During a time of nationwide debate over the state of education in America, the Minnesota State Legislature took decisive action last week by passing two education bills that will affect students from kindergarten to college. The Republican-backed bills are components of a larger fiscal agenda to combat a projected $5 billion budget deficit in the upcoming years.
Sponsored by state senator Gen Olson, the K-12 bill will freeze pay for public school employees and funding for special education, and also re-appropriate funds that have previously been designated for integration programs in urban districts. The redirected funds will be withheld as incentives – districts that show improvement in student literacy will receive more state money and teachers’ pay increases will be tied to their performance.
One of the major issues confronting Minnesota’s schools is the racial achievement gap. Members of the Democratic-Farmer-Labor Party (DFL) who oppose the bill claim that cutting funding for integration programs will undo desegregation efforts and unfairly penalize minorities and poor students. Those who support the bill cite the little success that the integration programs have shown in the past and argue that the $64 million set aside for 2011 would be better spent elsewhere. Furthermore, per pupil payments to school districts will increase by $100 over the next two years.
As the Adolescent Literacy Coordinator at Project for Pride In Living based in the metro area, Carleton alum Mari Jo Long ’09 expressed her concern that the schools serving minority students, those that most need extra resources, will not be able to access them as a result of the education bill. By withholding state money as incentives, Long said, “schools will now focus their attention on drawing students who have historically scored well on literacy assessments, leaving minority students to find a different school.” She believes this will ultimately exacerbate the achievement gap and predicts, “many schools may improve their average test scores, but it will be because of a change in student population, rather than a superior literacy curriculum.”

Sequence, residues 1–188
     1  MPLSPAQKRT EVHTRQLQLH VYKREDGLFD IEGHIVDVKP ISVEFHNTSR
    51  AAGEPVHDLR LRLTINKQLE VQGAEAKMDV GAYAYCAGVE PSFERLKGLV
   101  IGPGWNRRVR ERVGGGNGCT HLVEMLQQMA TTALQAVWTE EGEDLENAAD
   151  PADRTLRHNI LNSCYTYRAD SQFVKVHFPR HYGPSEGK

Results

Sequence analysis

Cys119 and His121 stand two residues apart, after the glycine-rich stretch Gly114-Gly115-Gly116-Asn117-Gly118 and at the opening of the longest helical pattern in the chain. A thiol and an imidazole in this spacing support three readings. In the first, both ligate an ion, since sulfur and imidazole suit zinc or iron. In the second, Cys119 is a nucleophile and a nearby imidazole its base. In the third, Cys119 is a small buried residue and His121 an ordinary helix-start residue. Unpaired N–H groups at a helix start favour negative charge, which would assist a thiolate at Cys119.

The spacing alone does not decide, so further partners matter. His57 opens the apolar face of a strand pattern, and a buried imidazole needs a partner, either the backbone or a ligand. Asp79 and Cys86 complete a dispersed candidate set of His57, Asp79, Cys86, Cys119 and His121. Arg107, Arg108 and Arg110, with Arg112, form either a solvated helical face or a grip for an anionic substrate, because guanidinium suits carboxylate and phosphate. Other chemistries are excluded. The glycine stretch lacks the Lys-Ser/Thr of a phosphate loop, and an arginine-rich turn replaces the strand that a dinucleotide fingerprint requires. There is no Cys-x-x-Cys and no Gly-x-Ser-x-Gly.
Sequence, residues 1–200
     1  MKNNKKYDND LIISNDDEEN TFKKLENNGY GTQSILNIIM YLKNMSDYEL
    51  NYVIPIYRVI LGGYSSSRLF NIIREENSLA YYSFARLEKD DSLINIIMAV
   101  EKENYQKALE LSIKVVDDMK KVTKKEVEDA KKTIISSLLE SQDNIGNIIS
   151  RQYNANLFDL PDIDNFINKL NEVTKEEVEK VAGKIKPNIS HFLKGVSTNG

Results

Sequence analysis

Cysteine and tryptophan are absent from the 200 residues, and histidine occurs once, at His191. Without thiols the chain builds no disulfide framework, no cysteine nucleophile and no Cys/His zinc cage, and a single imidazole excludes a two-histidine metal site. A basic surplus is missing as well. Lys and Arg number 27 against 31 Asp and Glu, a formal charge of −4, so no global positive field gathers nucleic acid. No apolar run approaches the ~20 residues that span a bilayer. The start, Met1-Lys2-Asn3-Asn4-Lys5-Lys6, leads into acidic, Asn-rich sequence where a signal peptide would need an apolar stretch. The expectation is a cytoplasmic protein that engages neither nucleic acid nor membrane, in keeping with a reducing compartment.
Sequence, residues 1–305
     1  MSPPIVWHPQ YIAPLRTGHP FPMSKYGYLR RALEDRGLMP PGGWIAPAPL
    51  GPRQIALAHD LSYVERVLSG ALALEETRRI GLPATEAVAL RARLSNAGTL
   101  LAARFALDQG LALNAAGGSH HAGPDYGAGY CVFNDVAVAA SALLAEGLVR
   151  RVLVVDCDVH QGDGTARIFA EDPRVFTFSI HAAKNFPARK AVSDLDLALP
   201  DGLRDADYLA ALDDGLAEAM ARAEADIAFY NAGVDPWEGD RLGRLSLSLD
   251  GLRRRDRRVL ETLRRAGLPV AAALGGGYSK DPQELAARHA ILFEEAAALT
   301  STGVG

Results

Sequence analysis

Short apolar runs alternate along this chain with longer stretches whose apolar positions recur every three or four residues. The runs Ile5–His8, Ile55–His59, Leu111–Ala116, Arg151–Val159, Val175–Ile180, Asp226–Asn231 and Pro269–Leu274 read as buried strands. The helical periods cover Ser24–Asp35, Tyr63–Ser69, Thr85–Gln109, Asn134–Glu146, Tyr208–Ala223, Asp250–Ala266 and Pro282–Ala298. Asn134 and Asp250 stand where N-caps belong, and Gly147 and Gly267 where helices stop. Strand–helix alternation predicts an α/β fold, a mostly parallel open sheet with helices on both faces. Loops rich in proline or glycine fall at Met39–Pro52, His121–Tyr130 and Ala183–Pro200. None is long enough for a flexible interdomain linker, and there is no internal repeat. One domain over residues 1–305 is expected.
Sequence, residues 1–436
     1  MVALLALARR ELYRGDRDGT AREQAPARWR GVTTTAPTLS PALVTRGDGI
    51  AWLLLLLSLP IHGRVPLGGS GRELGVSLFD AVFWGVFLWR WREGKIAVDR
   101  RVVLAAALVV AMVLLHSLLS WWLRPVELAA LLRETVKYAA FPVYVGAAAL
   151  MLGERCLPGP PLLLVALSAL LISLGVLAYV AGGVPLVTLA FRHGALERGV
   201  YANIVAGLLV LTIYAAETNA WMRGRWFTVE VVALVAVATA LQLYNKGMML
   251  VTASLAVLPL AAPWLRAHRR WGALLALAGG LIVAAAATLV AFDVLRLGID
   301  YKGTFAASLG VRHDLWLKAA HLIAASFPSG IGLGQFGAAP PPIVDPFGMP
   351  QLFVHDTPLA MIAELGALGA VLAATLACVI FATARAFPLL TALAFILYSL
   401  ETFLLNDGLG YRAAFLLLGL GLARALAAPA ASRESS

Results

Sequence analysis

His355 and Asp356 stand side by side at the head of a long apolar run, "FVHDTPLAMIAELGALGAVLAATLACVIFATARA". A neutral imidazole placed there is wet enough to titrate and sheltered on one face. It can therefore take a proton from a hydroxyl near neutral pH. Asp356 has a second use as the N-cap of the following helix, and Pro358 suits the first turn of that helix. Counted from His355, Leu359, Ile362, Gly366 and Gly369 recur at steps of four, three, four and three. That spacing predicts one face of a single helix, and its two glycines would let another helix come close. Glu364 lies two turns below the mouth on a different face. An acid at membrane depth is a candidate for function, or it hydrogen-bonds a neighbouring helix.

Although Carleton College, along with other MIAC schools, will remain unaffected, the higher education bill will significantly cut state funds for the University of Minnesota and the Minnesota State Colleges and Universities (MnSCU). Both systems will be subject to double-digit percentage cuts in state spending and forced to limit tuition increases.
The Senate’s version of the bill would cut the University of Minnesota’s budget by 19% and that of MnSCU’s by 13%, while the draft passed by the House of Representatives cuts funding for both systems by 13%. The actual figures of the funding cuts vary by the source: legislators predict a total of $300 million between the two systems, while the administrators at the University of Minnesota alone forecast a loss of $243 million.
Furthermore, tuition increases will be capped at 2% for community colleges and 4% for the state universities. In order to cope with the significantly downsized budgets, administrators said that bigger class sizes, fewer course offerings and layoff of staff members would be inevitable.
The Democratic governor Mark Dayton still has to sign both pieces of legislation into law. In February, the governor announced a framework for $171 million reduction in higher education spending as part of his budget deficit plan which would revert state spending for the university systems to 2002-2003 levels, not adjusting for inflation. Even so, his proposal poses a less severe loss for the public universities. DFLers who voted against the House and Senate education bills have promised that Governor Dayton will not approve the bills as they are. Government spending cuts on education are certain at this point – what remains to be seen is how a compromise may be found in saving the state from fiscal crisis while preserving the quality of education in Minnesota.